Group of people sat in room for event

Empowering organisations through co-production & partnership working

Published: 11/07/24 | Categories: Information & support,Volunteering, Author: Maggie Smith

Maggie Smith, Volunteer Engagement & Communications Officer at WCVA shares reflections from our gofod3 session on Volunteering Wales Strategic Grants.

On 5 June 2024, I had the privilege of hosting two impactful sessions at gofod3, the annual event that brings together the voluntary sector from across Wales.

These sessions were part of the Volunteering Wales Strategic Grant (VWSG) scheme, and they aimed to empower organisations that engage with volunteers by focusing on co-production and partnership working.


Before diving into the insights, let’s clarify what a strategic grant is. Unlike your typical funding grant, the VWSG doesn’t fund individual projects or physical structures. Instead, it supports organisations in researching, exploring, and experimenting with new ideas and ways of working.

It’s about finding new or enhanced approaches that unlock long-term potential on a strategic level and embed best practices in volunteering. It’s also about sharing learning with other volunteering-involving organisations in Wales so we can all benefit from more strategic thinking on volunteering.


In the co-production session, we heard from St Giles Trust, Foothold Cymru and Innovate Trust. Here are the key takeaways:

  • Building relationships: Co-production involves building strong relationships and raising confidence among participants. When people feel assured that their voices will be heard, they actively engage.
  • Adaptability: Flexibility is crucial. We need to adapt engagement methods to suit individual needs. Providing initial training and being open to different approaches ensures success.
  • Meaningful feedback: Co-production leads to more meaningful feedback and resources. By involving participants directly, we create better support systems.
  • Learning from people: Organisations benefit greatly from learning directly from the people they serve. This informs policy changes and improves our ways of working.
  • Sustaining engagement: While sustaining engagement over time can be challenging, it ultimately leads to meaningful outcomes.


The partnership working session featured Snowdonia Society, Sported Ltd and RCTCAN. Here’s what we learned:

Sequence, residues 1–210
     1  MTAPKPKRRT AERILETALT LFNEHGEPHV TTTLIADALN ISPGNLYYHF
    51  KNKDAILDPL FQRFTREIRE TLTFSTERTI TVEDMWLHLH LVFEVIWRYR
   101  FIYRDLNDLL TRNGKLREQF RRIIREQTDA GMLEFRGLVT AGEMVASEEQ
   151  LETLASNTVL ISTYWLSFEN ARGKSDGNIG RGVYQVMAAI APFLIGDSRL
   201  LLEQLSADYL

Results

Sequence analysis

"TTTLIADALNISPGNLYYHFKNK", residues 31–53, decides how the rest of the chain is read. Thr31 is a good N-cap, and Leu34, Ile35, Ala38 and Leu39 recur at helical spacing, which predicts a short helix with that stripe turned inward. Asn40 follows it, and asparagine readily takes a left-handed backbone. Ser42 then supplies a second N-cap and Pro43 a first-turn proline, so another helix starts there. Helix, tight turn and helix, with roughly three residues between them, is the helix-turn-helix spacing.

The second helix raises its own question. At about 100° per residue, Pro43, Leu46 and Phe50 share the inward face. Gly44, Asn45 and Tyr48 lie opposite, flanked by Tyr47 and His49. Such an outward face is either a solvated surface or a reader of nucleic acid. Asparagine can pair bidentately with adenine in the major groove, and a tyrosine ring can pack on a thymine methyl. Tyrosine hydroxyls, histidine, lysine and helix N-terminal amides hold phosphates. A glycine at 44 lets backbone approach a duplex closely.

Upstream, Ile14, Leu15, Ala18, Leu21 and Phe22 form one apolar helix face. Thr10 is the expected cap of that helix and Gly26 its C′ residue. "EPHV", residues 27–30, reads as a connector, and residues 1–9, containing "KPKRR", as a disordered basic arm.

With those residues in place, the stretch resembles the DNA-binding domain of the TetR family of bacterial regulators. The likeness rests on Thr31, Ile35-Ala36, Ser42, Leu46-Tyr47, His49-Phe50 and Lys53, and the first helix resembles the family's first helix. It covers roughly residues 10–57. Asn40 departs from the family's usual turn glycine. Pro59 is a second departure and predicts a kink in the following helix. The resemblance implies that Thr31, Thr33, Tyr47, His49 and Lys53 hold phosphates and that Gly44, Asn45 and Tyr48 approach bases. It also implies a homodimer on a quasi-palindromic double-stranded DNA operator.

• Enhancing organisational strength: Partnerships enhance organisations’ strength by bringing in experts and facilitating knowledge sharing. Together, we achieve more.
  • Influential networks: Creating influential networks is a key benefit. Consistently improving our ways of working ensures positive results.
  • Sharing learning: We use shared learning to improve consistently. Learning from each other’s experiences is invaluable.
  • Challenges: Yes, there are challenges – scheduling meetings can be time-consuming, and clear role expectations are essential. But the rewards outweigh the hurdles.


  • Flexibility: The VWSG stands out because it prioritises flexibility over tick boxes. It encourages innovation and experimentation.
  • Pilot funding opportunities: Pilot funding opportunities would greatly help organisations develop stronger bids. Let’s explore new ideas before committing to full project funding.
  • Recognising investment: Funders need to recognise the investment – both in time and resources – required for co-production and partnership-based projects.


These insights aren’t just for the organisations who came to gofod3. We’re actively sharing this knowledge across Wales. As we prioritise areas like health and social care, education and youth, the environment, sport, arts and Welsh language communities, we’re investing in new ways of working with volunteers.

For additional evaluations, reports, and resources, visit the resources section of the Knowledge Hub, our Third Sector Support Wales learning platform. And if you’d like to join our mailing list, drop me an email at

Let’s continue building a stronger, more collaborative voluntary sector in Wales!


There’s a lot to learn from recipients of the who have been leading pioneering projects that look long-term at volunteering and how we can unlock its potential:

Resources from the VWSG projects: